Involvement Of HPV Infection In Cervical And Head & Neck Cancers And Its Association With Genetic Predisposition In Saudi Arabia

Ghazi ALSBEIH, King Faisal Specialist Hospital & Research Centre, Saudi Arabia
AL-HARBI N. 1 , BIN JUDIA S. 1 , ELEWISY S. 1 , CASTRO J. 1 , AL-QARNI A. 2 , AL-QAHTANI W. 2 , MISHRA K. 1 , HAMED S. 2 , EL-SEBAIE M. 3 , ALMANEA H. 4 , KHOJA H. 4 , TULBAH A. 4 , ALRAJHI N. 3

1 Biomedical Physics, King Faisal Specialist Hospital & Research Centre, Riyadh, Saudi Arabia
2 College of Science, King Saud University, Riyadh, Saudi Arabia
3 Radiation Oncology, King Faisal Specialist Hospital & Research Centre, Riyadh, Saudi Arabia
4 Pathology and Laboratory Medicine, King Faisal Specialist Hospital & Research Centre, Riyadh, Saudi Arabia

Purpose: Human papillomavirus (HPV) is implicated in several carcinomas including cervix uterine, anogenital and subgroup of oropharyngeal cancers. We studied the extent of HPV involvement in these cancers and the association with genetic single nucleotide polymorphisms (SNPs), presumed to predispose to cancer. The aim is to provide health authorities with guidelines for prevention.
Methods: 213 cervix and 200 oropharyngeal cancers were included. HPV detection and genotyping were carried out using HPV Linear Array, which enables the detection of 37 most common high- and low-risk HPV genotypes. Genetic polymorphisms were compared with 300 normal volunteers with no history of cancer (controls). SNPs in 9 candidate genes (CDKN1A (p21) C31A, TP53 C72G, ATM G1853A, HDM2 promoter T309G, HDM2 A110G, DNA Ligase IV A591G, XRCC1 G399A, XRCC3 C241T and TGFβ1 T10C) were genotyped by direct sequencing.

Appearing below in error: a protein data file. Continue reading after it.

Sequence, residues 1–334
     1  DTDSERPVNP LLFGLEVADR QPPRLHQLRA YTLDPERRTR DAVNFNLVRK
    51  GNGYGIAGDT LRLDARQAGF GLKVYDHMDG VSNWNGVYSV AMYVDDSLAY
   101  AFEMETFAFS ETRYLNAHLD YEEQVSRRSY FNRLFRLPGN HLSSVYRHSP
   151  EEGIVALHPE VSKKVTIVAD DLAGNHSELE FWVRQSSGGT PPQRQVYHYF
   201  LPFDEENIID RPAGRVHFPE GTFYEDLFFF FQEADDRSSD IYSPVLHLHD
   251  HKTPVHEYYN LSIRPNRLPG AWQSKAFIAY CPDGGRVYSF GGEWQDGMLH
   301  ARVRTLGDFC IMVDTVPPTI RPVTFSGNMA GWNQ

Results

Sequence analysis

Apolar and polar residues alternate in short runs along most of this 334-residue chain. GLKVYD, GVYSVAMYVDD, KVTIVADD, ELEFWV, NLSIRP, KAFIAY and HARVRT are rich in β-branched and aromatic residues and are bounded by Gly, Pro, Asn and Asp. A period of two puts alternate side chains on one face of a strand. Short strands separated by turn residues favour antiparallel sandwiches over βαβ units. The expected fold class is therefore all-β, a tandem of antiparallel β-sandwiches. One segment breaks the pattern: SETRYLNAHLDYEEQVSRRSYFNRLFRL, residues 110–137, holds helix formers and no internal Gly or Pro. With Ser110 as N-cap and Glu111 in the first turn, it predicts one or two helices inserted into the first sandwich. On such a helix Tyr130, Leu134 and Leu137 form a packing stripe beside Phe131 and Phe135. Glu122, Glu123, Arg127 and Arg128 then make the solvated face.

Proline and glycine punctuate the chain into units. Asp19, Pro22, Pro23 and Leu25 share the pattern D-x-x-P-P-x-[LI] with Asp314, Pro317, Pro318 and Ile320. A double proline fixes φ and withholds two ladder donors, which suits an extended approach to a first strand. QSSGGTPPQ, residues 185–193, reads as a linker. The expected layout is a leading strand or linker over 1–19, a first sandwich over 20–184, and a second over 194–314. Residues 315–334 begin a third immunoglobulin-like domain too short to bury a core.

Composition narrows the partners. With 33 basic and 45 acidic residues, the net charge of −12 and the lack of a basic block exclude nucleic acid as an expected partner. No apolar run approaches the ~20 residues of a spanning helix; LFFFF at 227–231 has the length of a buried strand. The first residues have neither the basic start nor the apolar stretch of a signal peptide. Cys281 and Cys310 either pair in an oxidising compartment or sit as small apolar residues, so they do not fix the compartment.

Results: HPV was detected in 160 cervix and 4 oropharyngeal cancer patients (75% and 2%; respectively). Seven different single HPV genotypes (16, 18, 31, 45, 56, 59, 73) and 5 double infections (16/18, 16/39, 16/70, 35/52, 45/59) were detected. The most common genotype was HPV-16 (71%), followed by 31 (7%), and 18, 45, 73 (4% each). Cancer predisposition (n=100) showed significant association for XRCC1 (P=0.02, OR=1.69; 95%CI=1.06–2.66). More interestingly, nested analysis revealed a preponderance of HPV-positivity in patients harboring the TP53 codon 72 risk allele G with a borderline significant association (P = 0.06), and deviation from Hardy-Weinberg equilibrium (P = 0.07).
Conclusions: The rate of HPV infection was lower than estimated worldwide. HPV 16 and 18 were the most common genotypes. Current HPV vaccines could protect two-third of cervical cancer in Saudi Arabia. Genetic predisposition suggest that HPV-associated cancer occurrence is not random in the population and that certain genetic SNPs favors its development.
Funding: Supported by NSTIP-KACST Grant#12-MED2945-20 (RAC#2130025).